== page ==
American Library Association
September 15, 2004
Reviewed by: David Pitt
It seems odd to think of it, but a suspect’s right to remain silent is only four decades old. Well, that’s not precisely true: U.S. citizens have had the right not to incriminate themselves for some time, but it was not until the 1963 case of Miranda v. Arizona that advising a suspect of the right to remain silent became encoded in law.
When told he had been identified by a witness, Ernesto Miranda, an accused serial rapist, figured he might as well fess up. He didn’t know he had the right to keep his mouth shut because the police officers hadn’t told him. That simple, seemingly insignificant incident changed the American legal system in a massive way.
The author, an attorney and law professor who knew many of the people involved in the Miranda case and its aftermath, tells the story simply, making even the most complicated and subtle legal points entirely clear. He also explores how the Miranda decision affects law enforcement in the post-9/11 world. Interesting, timely, and important.
Arizona State University Insight
September 15, 2004
By John Jarvis
Anyone who’s watched a police drama on television can probably recite the “Miranda warning” by heart. The authorities, after all, are supposed to notify suspects before they are subjected to custodial interrogation.
But what some people may not know is that the now-famous phrase traces its roots back to a 1963 criminal case in Arizona. There may be no one more familiar with the Miranda case and its impact on U.S. history than Gary Stuart, who serves on the Arizona Board of Regents (ABOR) and has written a book titled “Miranda: The Story of Stuart America’s Right to Remain Silent.”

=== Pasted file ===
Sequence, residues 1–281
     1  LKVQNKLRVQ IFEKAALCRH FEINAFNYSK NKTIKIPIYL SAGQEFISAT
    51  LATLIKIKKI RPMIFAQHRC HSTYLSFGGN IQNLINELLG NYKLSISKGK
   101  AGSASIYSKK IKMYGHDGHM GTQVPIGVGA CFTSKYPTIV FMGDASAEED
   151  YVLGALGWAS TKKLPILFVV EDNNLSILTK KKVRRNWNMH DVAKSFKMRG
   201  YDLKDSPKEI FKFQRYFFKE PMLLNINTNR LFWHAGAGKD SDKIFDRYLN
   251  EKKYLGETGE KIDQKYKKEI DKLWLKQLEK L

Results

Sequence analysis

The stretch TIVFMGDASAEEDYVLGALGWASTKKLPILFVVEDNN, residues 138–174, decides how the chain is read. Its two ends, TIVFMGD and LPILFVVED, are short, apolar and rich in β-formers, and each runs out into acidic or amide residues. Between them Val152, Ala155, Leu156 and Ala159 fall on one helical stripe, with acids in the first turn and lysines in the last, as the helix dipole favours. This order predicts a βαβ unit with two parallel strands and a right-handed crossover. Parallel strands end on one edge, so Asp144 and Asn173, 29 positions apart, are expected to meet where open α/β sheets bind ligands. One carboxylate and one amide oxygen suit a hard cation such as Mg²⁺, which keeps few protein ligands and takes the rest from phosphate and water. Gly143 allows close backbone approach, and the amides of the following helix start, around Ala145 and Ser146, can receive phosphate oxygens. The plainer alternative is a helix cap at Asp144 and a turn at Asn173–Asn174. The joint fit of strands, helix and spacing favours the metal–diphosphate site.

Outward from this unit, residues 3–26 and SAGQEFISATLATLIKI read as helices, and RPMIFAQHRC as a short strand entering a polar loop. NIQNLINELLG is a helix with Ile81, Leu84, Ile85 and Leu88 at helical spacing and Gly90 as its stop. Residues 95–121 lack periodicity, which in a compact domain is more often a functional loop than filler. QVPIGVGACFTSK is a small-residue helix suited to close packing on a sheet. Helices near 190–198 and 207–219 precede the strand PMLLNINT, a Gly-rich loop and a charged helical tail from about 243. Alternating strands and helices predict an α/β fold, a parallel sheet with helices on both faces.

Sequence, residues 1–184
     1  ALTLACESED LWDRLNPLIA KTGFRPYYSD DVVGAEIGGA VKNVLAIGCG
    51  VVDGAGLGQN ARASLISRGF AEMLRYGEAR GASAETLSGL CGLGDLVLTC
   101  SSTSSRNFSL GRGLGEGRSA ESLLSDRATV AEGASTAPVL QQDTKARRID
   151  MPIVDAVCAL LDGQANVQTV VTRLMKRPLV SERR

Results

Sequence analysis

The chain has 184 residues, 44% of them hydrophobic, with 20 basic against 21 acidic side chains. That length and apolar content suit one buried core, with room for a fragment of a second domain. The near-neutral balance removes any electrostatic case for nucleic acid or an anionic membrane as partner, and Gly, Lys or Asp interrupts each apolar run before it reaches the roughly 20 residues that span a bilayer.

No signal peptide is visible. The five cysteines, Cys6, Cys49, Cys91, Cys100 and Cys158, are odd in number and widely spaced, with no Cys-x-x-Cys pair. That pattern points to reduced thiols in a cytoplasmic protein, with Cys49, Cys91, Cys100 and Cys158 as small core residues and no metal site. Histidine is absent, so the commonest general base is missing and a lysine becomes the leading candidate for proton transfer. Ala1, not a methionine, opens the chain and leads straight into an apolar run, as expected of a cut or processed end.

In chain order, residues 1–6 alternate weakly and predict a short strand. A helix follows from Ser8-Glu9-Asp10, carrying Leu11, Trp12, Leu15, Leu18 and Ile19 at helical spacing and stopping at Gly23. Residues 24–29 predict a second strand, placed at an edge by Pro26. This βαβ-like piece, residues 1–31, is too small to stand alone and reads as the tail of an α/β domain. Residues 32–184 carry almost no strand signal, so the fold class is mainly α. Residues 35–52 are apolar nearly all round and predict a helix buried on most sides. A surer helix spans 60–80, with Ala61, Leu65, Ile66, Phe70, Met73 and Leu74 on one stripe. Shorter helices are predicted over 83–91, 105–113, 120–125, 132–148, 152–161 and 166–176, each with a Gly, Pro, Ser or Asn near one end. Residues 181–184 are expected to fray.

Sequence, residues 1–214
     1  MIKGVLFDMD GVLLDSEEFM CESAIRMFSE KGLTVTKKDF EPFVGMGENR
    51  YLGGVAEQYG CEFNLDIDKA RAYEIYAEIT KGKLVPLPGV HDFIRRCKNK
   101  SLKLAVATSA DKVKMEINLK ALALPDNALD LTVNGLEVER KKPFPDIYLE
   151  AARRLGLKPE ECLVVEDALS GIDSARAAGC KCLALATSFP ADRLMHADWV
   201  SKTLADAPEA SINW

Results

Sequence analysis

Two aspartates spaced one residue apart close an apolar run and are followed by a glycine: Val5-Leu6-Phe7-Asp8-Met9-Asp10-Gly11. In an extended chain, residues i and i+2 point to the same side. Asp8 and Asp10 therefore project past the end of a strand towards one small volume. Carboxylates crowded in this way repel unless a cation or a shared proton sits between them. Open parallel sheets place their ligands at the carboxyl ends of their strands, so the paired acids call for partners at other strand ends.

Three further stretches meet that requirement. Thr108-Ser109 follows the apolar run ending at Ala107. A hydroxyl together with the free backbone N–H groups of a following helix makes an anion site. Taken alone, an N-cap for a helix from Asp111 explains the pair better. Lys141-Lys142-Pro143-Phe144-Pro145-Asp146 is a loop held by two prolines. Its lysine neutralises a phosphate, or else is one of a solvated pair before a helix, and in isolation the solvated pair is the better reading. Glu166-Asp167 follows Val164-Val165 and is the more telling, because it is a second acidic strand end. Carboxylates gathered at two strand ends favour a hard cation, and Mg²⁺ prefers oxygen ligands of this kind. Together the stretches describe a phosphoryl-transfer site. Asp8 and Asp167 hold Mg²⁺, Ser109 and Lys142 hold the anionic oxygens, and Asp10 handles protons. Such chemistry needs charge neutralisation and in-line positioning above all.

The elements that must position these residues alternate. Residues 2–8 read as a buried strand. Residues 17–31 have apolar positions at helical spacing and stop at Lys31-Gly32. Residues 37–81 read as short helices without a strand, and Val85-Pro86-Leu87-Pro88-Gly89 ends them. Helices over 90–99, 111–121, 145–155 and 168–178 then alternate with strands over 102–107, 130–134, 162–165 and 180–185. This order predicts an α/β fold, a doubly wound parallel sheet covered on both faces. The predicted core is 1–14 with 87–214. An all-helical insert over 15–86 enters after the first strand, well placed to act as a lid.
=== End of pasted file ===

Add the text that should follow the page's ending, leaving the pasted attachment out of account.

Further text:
“The core of this book is about something that happens thousands of times every day in America,” Stuart says. The Alumni Lounge in ASU’s Memorial Union will be the site of a book-signing reception for Stuart at 3:30 p.m., Oct. 4, hosted by ASU President Michael Crow. The reception also will feature Gov. Janet Napolitano – who wrote the foreword for the book – and other ABOR members. Included at the reception will be Lorraine Frank, the widow of the late John P. Frank (1917—2002), to whom Stuart dedicated the book. The John P. Frank Lecture Series at ASU’s School of Justice and Social Inquiry is named after the prominent Arizona lawyer, who made a name for himself as one of the defense attorneys in the Miranda case.
“I undertook the writing of this book not simply because Miranda v. Arizona stands as one of the most important events in the annals of American legal history,” says Stuart, who teaches trial advocacy, legal ethics and creative writing for lawyers at ASU’s College of Law. “I was also drawn to the story because I’ve spent my career practicing, teaching, and writing about the law in the state where the story began, unfolded and ultimately concluded.”
Ernesto Miranda was an uneducated Hispanic man arrested in March 1963 in connection with a series of sexual assaults. He confessed to the crimes and was convicted almost entirely because he had incriminated himself without knowing it and without knowing he didn’t have to.
Stuart, who received his bachelor’s degree in 1965 and his law degree in 1967 from the University of Arizona, is a trial lawyer and former law review editor who knows many of the people involved in the case, which ranks as one of the most significant ever heard by the U.S. Supreme Court.